Support tokenless authorization with X.509 client SSL certificate to improve security and simplify deployment.
See X.509 for more information on X.509 certificates.
In a typical enterprise deployment, SSL client certificate authentication is required for services talking to Keystone for things such as token validation and resource lookup. For example, we configure a client certificate for the auth_token middleware running at the service to establish the SSL client certificate authentication session with Keystone when validating a user token. In this case, there’s no need for the service to take the extra unnecessary step to obtain a service token in order to authorize the token validation call. We can effectively identify the service by its X.509 SSL client certificate. With the X.509 SSL client certificate attributes, coupled with the scope information conveyed in the request headers, we can directly create the authorization credential by looking up the necessary identity data without having to issue a token. The authorization credential is successfully created if all of the following conditions are true:
The benefits of tokenless authorization with X.509 SSL client certificate are:
This is accomplished by implementing a middleware filter which builds the authorization credential based on the certificate attributes and scope information from the request headers. Authorization credential is a Python dictionary which represents the credential used in Oslo policy enforcement.
Since we are using Apache mod_ssl to handle the SSL requests, Apache will convey the client certificate information in the WSGI request environment. For example:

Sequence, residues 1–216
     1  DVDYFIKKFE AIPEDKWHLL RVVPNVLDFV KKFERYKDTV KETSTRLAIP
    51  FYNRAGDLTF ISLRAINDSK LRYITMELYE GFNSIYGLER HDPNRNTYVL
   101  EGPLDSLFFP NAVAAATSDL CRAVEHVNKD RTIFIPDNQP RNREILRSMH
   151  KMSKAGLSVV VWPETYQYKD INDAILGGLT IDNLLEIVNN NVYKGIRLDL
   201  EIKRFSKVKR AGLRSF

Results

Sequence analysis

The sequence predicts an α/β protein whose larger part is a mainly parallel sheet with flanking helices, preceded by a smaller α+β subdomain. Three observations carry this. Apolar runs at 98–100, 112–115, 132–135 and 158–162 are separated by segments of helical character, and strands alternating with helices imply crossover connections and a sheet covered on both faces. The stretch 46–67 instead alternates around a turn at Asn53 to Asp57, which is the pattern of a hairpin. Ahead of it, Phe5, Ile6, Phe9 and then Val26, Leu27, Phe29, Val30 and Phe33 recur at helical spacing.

SSL_CLIENT_S_DN SSL_CLIENT_S_DN_CN SSL_CLIENT_S_DN_O SSL_CLIENT_S_DN_OU SSL_CLIENT_I_DN
See http://httpd.apache.org/docs/current/mod/mod_ssl.html for more details.
This middleware shall use the mapping functionality, implemented for Federation, to formulate the Keystone identity from the SSL environment variables. Each issuer (i.e. certification authority) would constitute an identity provider (IdP). There would be exactly one mapping per IdP. The IdP ID would be the SHA256 hash of the issuer DN.
In addition, this middleware shall accept the following configurable option, defined in [auth] configration section in keystone.conf, to further filter the certificates that are allowed to participate in tokenless authorization:
trusted_issuers = [<list of trust issuer DNs>]
If trusted_issuers is absent, no certificates will be allowed in tokenless authorization.
Furthermore, this middleware shall expect the following request headers to convey the scope information:
HTTP_X_PROJECT_ID HTTP_X_PROJECT_NAME HTTP_X_PROJECT_DOMAIN_ID HTTP_X_PROJECT_DOMAIN_NAME HTTP_X_DOMAIN_ID HTTP_X_DOMAIN_NAME
Absence of the scope headers is equivalent to an unscoped token. Notice that only one scope can be specified for a given request. For example, if both project and domain scope are specified, that would constitute an error.
Use the existing mechanism, which is to use the service token for authorization.
This mechanism has the effect of non-bearer token as the SSL client must possess the corresponding private key for its SSL certificate.
In order to use this functionality, service must have a valid X.509 client SSL certificate. However, certificate management is outside the scope of this spec.
This feature only works in conjunction with Apache mod_ssl or mod_nss as standalone eventlet-based Keystone does not parse or convey X.509 client SSL certificate attributes in the request environment. Therefore, Keystone must be running in Apache mod_wsgi.
Notice that if the deployment terminates SSL in a load balancer, then the load balancer must be configured to forward the SSL client certificate.
In order for Apache mod_ssl to convey the SSL client certificate information in the request environment, the SSLOptions directive must contains +StdEnvVars and the SSLUserName directive must be set to a valid SSL requirement environment attribute.
SetEnv AUTH_TYPE SSL SSLOptions +StdEnvVars SSLUserName SSL_CLIENT_S_DN_CN
SSLUserName directive must not be used with +FakeBasicAuth option. For more details, please refer to Apache mod_ssl Also, notice the environment variable AUTH_MECHANISM, this is used to determine which mapping to use in case we support other protocols in the future.
This feature only works in conjunction with Apache mod_ssl or mod_nss. Therefore, Keystone must be running in Apache mod_wsgi.
There will be unit tests. For integration tests, we may need both X.509 certificate management capability (i.e. Barbican + DogTag) and Apache enabled in Jenkins.
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